The premise of a feedback loop is simple: Give people real-time information about their actions, and they're more likely to change those actions for the better.
Teague designers discovered the power of a feedback loop when they hooked up a water meter to their office hand-washing sink. When the device provided followup feedback, they discovered no change in behavior. But when they hooked an iPad to the device displaying real time feedback, people's behaviors changed dramatically. They cut their water usage by 75% on average.
In another experiment, Garden Grove had problems with drivers speeding through school zones. When they installed dynamic displays showing drivers their current speed as well as the posted limit, drivers slowed an average of 14%.
In each of these instances we see that real-time monitoring gives people the opportunity to immediately alter their behavior for the better.
So, what would happen if we apply this powerful tool to human health?
The largest problem in medicine is noncompliance, the term for patients who don’t follow their doctor's prescribed orders. Studies show that half of all patients do not take prescribed medication as directed. Noncompliance adds $100 billion annually to US health care costs and leads to 125,000 unnecessary deaths from cardiovascular diseases alone every year—just from people failing to do what they know they should.
"People in general are disconnected from seeing the results of their health choices. We don't see our arteries clogging up because of the two donuts we eat every morning for breakfast," Susannah Fox, associate director for digital strategy at Pew, told eWEEK. "We lack these feedback loops that let us know you're doing the right thing [or] you're not doing the right thing," Fox said.
At SXSW, Aza Raskin (@azaaza), founder of the startup Massive Health, talked about how feedback loops can help change patient behavior. He used cake to demonstrate that people do not consider a cumulative negative effect on health. When an individual eats one piece of cake (and knows that he shouldn’t), there is no immediate consequence. Therefore that slice of cake becomes part of a long-term feedback loop with consequences way too far off in the future to encourage the desired good health behavior. He believes we must find a way to make it easier for people to adhere to good behaviors for the duration of long feedback loops by either breaking them down into shorter feedback loops (giving frequent or instant feedback to people on how well they are doing) or by rewarding people for behavior modification.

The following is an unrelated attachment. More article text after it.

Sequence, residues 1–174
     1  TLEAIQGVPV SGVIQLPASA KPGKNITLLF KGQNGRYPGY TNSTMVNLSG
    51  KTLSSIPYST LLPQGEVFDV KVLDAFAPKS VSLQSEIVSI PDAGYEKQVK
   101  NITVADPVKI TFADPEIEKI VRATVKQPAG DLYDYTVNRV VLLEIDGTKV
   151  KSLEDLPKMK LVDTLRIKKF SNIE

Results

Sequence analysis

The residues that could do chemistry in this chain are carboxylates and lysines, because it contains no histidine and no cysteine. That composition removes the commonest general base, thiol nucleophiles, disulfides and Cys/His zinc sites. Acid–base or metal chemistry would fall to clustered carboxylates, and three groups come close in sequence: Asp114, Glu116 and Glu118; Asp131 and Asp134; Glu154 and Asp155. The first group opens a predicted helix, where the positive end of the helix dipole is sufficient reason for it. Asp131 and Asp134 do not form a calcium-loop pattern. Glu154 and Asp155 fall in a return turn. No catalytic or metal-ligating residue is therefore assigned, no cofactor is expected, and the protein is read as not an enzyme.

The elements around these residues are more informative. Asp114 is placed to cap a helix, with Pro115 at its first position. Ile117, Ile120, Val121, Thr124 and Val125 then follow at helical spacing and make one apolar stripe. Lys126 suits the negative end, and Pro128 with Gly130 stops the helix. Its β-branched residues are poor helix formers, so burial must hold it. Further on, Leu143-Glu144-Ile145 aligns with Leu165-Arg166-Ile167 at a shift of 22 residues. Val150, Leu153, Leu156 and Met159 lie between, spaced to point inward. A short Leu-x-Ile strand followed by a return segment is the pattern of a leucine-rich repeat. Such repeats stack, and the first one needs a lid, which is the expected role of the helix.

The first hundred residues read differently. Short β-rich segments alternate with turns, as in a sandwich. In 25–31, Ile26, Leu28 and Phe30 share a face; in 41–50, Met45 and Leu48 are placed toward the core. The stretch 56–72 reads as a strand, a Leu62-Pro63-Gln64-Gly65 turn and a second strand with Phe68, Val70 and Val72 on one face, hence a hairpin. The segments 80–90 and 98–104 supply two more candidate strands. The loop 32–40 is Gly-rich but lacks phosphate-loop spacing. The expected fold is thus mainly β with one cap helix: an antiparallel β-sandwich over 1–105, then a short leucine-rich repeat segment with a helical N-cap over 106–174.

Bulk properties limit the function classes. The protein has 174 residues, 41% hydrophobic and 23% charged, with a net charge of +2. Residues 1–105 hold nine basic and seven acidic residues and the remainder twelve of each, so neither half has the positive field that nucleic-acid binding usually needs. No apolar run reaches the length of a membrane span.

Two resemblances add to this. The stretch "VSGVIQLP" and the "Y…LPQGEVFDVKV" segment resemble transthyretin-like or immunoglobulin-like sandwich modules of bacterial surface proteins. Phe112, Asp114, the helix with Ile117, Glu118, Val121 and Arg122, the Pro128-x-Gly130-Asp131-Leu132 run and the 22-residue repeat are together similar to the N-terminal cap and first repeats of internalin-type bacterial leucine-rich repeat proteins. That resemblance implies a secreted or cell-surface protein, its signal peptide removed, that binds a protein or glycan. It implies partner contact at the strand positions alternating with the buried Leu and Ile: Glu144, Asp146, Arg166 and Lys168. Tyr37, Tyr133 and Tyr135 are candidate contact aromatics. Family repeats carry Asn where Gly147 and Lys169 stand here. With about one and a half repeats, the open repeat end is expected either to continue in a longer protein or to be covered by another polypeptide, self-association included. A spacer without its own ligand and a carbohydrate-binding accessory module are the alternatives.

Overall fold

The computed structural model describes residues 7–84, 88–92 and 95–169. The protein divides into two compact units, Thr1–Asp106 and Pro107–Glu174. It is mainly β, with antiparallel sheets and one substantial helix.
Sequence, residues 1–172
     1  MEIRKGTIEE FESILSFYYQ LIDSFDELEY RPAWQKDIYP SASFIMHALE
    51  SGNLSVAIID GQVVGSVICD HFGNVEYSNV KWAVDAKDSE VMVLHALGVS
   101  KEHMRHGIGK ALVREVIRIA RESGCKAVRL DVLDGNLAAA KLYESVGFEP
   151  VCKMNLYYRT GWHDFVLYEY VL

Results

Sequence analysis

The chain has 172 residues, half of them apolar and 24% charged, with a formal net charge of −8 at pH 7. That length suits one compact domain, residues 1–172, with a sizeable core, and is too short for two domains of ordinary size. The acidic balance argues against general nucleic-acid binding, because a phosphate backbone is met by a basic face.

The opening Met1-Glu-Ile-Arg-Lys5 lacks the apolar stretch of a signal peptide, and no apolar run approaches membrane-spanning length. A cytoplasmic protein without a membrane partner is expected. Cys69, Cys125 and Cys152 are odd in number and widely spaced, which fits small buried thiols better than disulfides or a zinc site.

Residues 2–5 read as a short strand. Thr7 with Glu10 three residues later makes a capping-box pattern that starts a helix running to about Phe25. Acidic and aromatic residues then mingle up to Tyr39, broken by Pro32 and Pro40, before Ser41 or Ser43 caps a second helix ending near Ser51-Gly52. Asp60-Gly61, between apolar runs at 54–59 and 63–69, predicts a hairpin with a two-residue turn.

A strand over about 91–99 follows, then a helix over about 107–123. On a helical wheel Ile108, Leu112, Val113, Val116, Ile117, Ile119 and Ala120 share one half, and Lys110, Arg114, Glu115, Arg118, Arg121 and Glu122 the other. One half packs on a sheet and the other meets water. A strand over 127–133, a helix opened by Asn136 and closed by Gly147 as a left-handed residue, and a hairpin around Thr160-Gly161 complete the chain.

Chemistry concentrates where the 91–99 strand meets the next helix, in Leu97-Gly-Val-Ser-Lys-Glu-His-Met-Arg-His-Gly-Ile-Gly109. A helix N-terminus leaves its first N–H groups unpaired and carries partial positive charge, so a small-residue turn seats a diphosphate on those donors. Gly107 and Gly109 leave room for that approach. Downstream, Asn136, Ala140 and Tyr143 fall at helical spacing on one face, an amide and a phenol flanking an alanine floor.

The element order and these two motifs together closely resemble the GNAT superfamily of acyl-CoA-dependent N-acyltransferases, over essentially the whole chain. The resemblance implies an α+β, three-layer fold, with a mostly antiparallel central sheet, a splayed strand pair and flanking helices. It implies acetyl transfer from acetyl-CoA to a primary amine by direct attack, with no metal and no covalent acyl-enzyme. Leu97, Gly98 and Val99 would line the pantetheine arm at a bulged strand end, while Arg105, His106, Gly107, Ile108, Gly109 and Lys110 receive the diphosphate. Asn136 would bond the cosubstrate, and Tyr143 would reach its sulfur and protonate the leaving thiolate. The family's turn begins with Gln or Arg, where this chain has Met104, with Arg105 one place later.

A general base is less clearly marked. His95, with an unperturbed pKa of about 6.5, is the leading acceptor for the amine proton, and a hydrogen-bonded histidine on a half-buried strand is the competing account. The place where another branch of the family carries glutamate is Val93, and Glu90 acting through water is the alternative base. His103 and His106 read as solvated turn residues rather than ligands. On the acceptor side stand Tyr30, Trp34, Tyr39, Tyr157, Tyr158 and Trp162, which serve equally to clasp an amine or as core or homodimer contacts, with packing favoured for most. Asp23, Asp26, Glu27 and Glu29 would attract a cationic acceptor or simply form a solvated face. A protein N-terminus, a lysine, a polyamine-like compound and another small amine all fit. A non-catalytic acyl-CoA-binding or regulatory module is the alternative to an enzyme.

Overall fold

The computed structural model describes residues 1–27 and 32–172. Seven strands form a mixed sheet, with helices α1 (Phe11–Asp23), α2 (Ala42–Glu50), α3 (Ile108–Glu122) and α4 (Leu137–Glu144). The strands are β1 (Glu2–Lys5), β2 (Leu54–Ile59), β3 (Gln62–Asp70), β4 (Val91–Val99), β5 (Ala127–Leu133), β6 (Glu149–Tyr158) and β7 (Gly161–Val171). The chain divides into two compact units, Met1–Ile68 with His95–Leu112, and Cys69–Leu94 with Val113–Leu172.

Until recently, capturing data was cumbersome. But with the rise of inexpensive sensors and big data processing, we can capture, digitize, and crunch data passively with virtually no friction and infinite scalability.
With cheaper and better accelerometers, inductance sensors, RFID chips, and GPS sensors, monitoring can now be built into tennis shoes, prescription pill bottles, and toothbrushes. And with the rise of the open data movement enabling tremendous growth in mobile health applications, a mobile-enabled feedback loop has a lot of potential for healthcare.
The GlowCap, a plug-in unit that connects to a database that knows a patient’s particular dosage directions starts to pulse increasingly more urgently with a gentle orange light and then soft music until the pill bottle is opened, is one successful example of a feedback loop improving human health.
Massive Health is another group currently making products that sit in your pocket and give you deep insight into your health. They invite you to get involved in beta testing the early versions of their products. Go ahead, get involved, and provide your feedback.
Image credits: Instagram Feedback Loop, Lo-fi filter by Fred Benenson